It can happen to anyone…..

Few people on earth with even a passing interest in sailing and a portal to the interweb would have failed to see the disturbing images of the Volvo 65 racing yacht ‘Team Vestas Wind’ wrecked on a reef in the Indian Ocean. Indeed the images of the damage to the boat’s rear end have had as many hits on the internet as the images of Kim Kardashian viewed from the same aspect. This was a crash that was heard around the sailing world.
So how did this happen? How did a state of the art racing yacht, bristling with the most up to date and sophisticated communication and navigation technology of any yacht afloat, and navigated by one of the world’s most experienced offshore racing navigators run straight into a well charted reef? The web has lit up with theories since this occurred. Crew fatigue, pushing the boat too hard, the accuracy of the charts, even an absurd theory about terrorists messing with the satellites has been put forward.
Naturally the traditionalists have screamed about it being due to using chart plotters instead of paper charts, many putting forward the view that this would never have happened if the navigator was simply using a pencil and a paper chart. Well let me tell you, plenty of yachts were hitting reefs before chart plotters were invented. Even the great man Jim Cook hit one in the Endeavour in north Queensland. Of course Captain Jim did have the excuse that as he was the first person to sail along that coast, therefore there were no charts! There is never one simple reason why an incident like this occurs. It is inevitable due to a series of events, each one compounding on the next.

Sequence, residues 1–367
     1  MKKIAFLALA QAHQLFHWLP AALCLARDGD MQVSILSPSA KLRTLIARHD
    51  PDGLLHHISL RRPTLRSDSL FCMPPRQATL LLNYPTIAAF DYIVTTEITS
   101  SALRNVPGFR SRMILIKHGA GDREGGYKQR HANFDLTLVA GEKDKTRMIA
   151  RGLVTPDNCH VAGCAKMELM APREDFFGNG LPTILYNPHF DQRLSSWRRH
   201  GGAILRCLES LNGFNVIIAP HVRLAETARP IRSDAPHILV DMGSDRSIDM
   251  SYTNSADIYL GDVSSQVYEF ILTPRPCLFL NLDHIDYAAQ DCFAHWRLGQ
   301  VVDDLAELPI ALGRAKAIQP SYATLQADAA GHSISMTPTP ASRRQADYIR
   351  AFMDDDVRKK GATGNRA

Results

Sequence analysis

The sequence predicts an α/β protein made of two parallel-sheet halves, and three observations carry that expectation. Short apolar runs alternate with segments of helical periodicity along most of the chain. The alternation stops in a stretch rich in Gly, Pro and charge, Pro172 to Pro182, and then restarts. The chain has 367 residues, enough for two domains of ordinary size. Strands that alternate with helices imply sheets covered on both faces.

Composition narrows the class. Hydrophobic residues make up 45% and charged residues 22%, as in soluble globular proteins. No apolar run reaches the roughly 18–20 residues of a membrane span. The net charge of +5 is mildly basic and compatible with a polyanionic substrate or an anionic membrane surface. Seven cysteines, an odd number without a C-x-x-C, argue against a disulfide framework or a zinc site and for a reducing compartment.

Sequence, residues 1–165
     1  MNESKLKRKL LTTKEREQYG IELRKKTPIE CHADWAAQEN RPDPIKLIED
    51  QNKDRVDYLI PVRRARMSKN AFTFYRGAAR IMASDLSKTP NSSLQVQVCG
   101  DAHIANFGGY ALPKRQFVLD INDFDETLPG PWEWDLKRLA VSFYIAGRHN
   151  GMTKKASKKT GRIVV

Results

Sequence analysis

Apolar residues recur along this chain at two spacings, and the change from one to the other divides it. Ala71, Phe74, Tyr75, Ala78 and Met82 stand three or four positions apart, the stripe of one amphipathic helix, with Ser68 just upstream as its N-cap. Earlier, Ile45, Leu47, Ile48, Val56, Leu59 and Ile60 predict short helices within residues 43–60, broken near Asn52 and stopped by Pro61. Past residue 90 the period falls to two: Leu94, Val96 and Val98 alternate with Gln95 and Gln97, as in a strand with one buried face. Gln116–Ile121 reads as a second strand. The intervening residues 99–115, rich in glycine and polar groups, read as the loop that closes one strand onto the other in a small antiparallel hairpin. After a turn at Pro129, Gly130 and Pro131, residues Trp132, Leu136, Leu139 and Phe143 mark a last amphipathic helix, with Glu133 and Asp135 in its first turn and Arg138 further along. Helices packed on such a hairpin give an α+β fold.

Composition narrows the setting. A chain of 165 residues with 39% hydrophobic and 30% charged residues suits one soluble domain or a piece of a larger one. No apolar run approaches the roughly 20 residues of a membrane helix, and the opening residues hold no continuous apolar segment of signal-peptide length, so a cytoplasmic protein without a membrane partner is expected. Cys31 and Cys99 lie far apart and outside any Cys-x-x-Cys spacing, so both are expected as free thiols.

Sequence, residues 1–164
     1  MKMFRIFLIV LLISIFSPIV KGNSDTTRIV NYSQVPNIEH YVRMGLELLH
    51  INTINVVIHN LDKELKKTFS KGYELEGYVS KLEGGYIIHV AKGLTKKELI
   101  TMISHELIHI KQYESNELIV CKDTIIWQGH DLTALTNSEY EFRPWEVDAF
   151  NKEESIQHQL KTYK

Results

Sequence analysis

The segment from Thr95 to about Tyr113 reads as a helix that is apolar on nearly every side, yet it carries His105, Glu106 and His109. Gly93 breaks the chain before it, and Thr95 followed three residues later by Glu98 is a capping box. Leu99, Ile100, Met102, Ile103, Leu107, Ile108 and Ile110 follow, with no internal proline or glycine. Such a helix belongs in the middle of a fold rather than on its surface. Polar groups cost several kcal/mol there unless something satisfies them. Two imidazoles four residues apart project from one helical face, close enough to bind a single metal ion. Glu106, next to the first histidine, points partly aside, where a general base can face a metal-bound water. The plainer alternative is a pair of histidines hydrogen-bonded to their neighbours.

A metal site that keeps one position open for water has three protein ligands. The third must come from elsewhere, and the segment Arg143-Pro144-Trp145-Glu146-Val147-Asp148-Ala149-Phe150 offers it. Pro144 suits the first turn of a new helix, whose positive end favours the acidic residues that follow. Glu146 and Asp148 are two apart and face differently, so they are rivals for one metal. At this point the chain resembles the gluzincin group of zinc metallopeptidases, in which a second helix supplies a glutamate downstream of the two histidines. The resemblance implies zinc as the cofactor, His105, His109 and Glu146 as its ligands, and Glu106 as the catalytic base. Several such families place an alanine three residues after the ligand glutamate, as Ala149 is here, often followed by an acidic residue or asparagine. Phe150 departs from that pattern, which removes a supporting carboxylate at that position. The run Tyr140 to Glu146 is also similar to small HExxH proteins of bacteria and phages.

I myself would be the last one to start throwing rocks at the navigator of Vestas, particularly in light of having spent 4 hours aground last week at the entrance to a well charted creek here in Moreton Bay! (I however am laying the blame for that on a young lady called ‘Marcia’ who came calling the week before bringing some 400mm of rain to that creek’s catchment area and causing tons of silt to be washed down to the entrance).
We had 5 navigators on board at the time so perhaps it was like having 5 chefs sharing a kitchen – inevitably it was going to end in tears. But unlike Team Vestas Wind, we did not upload a video of the grounding to YouTube, nor were millions of people following us on the net. Our only witnesses were an old chap walking his dog on the foreshore and a guy in his canoe. There were many houses with a view of our boat but I can only hope they were all enthralled by a reality show on TV rather than the latest episode of ‘I’m a sailing instructor – get me out of here’ playing out in real life in front of their houses. But unlike the Vestas Wind incident we floated off on the rising tide, the only damage being a small scratch in the kettle when it fell off the stove and some slight bruising to our egos. Both of which will buff out.
I might add here that we were not using GPS at the time – just a paper chart, the transit lead and the channel markers that the authorities had grown there for these exact purposes (and yes we were smack on the transit and had calculated the height of tide to 3 decimal places!)